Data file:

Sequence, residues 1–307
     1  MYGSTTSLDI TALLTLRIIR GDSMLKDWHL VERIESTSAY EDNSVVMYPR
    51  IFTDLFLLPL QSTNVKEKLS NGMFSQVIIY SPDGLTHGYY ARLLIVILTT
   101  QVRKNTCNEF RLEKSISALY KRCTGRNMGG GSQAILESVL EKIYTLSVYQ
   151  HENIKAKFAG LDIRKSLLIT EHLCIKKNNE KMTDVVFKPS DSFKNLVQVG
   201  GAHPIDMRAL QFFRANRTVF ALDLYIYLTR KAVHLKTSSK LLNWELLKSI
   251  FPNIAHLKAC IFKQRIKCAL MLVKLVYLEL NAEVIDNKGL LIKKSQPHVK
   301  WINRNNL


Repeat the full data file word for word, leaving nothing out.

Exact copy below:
Sequence, residues 1–307
     1  MYGSTTSLDI TALLTLRIIR GDSMLKDWHL VERIESTSAY EDNSVVMYPR
    51  IFTDLFLLPL QSTNVKEKLS NGMFSQVIIY SPDGLTHGYY ARLLIVILTT
   101  QVRKNTCNEF RLEKSISALY KRCTGRNMGG GSQAILESVL EKIYTLSVYQ
   151  HENIKAKFAG LDIRKSLLIT EHLCIKKNNE KMTDVVFKPS DSFKNLVQVG
   201  GAHPIDMRAL QFFRANRTVF ALDLYIYLTR KAVHLKTSSK LLNWELLKSI
   251  FPNIAHLKAC IFKQRIKCAL MLVKLVYLEL NAEVIDNKGL LIKKSQPHVK
   301  WINRNNL